The last five years, or so has witnessed an explosion in the number of men seeking surgical hair restoration. Today, hair transplantation ranks number one as the cosmetic procedure performed on males. The reason for this statistic is simple. The results of the procedure are much better than they use to be, and the reason for superior results is equally straight forward; refinement in technique. Interestingly, the basic concept and surgery is pretty much the same as it was , when hair transplantation was first performed.
The major difference in hair transplantation as it is done today, relative to way it was done years ago, can be summed up in two words, graft size. Oftentimes, an individual, transplanted by the older technique, can be spotted a mile away due to the all-to-characteristic “barbie doll” or “corn row” appearance of his hair, as a result of the transplantation of larger grafts (or plugs). These larger size grafts were the standard for the time. About ten years ago, transplant surgeons looked critically at their work and correlated their results with graft size. They correctly deduced that smaller grafts would provide better results. The reason is that smaller grafts contain fewer hairs and, therefore, less clumping (of transplanted hairs) which is responsible for that undesirable surgical look. Thus ushered in, a new era, that of minigrafts and micrografts.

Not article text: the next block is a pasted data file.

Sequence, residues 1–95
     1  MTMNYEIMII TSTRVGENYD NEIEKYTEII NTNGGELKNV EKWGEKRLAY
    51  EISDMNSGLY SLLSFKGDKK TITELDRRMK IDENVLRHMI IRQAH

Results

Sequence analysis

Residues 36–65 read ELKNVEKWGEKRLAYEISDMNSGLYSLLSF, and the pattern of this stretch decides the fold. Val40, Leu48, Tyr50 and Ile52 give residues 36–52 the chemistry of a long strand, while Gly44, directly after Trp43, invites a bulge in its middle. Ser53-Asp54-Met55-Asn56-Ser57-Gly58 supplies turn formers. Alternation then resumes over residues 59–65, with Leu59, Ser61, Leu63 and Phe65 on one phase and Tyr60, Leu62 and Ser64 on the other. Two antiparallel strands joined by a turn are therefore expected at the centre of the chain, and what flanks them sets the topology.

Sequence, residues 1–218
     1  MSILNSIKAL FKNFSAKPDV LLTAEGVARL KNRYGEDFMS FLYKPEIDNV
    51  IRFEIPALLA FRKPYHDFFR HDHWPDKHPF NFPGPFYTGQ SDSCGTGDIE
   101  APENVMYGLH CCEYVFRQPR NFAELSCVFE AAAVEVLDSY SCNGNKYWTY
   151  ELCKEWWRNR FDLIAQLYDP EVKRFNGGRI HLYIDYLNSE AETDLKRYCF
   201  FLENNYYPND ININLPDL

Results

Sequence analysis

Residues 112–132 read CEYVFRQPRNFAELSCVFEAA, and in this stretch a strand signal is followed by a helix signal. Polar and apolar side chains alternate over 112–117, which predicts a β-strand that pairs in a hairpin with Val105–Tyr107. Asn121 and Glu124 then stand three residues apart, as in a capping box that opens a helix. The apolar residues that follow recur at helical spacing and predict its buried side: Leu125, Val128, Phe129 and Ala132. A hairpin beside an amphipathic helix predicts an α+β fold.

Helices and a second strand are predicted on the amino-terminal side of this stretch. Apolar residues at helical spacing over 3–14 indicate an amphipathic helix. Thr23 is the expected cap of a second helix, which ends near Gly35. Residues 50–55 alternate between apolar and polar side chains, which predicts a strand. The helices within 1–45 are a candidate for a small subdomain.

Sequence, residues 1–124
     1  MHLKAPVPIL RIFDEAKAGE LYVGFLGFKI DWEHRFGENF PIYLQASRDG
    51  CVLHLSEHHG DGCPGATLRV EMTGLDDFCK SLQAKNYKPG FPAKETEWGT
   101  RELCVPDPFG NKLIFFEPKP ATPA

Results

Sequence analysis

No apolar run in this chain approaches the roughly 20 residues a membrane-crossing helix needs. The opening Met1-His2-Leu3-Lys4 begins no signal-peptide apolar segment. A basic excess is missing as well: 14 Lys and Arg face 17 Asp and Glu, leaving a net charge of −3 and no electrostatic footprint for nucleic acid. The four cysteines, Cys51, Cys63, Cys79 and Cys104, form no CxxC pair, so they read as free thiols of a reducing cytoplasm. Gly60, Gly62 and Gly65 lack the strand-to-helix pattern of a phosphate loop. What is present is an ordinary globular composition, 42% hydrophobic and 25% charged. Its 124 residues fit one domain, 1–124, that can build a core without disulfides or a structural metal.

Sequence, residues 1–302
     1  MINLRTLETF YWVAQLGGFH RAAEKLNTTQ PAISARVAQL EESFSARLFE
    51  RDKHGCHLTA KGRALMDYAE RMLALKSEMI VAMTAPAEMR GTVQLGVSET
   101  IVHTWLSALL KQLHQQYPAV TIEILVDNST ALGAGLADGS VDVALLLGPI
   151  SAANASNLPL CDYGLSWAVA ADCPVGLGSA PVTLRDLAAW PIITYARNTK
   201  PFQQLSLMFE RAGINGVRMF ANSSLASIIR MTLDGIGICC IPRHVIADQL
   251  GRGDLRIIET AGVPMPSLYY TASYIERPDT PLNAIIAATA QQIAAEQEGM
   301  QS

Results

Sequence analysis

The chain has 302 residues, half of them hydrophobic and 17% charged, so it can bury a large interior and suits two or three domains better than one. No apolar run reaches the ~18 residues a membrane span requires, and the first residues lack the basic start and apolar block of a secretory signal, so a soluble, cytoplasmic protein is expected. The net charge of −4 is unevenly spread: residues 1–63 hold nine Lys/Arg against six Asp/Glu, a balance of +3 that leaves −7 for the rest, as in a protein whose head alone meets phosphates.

Though graft size is the single most important factor in hair transplant surgery, it is not the only consideration is the planning and execution of the surgery. Surgeons will argue that a particular technique is best, however, in many instances it really is a matter of which technique works best in his hand. An example of this would be the controversy as which is the best way to prepare the donor sites (where the grafts are placed), holes or slits. Pros and cons can be presented for each, but bottom line is that excellent results are produced by either. Given the fact that smaller grafts represent the standard in hair transplantation, practically speaking, the only real significant controversy in hair transplantation today is staged restoration verses megassessions.
Traditionally, surgical hair restoration has been staged, that is, planned in multiple surgical sessions. A typical session might average between 150 and 300 grafts. The sessions are spaced three to four months for each other. Depending on the patient’s degree of balding three, four or even more sessions were performed. Recently, there has been a trend in the smaller or staged sessions to place more grafts per session, perhaps redefining “megasession”.
Many physicians would define a megasession as a single session in which 1000 or more grafts are placed. In some instances, the number of grafts exceed 3000. The appeal of the megassessions, or at least the concept, is obvious: fewer surgeries to achieve hair restoration in a shorter period of time. Since many physicians charge less per graft when larger numbers are placed, there may also be a financial incentive to go this route. If a person is traveling out of town to have his surgery performed, to want to have as few sessions as possible is understandable.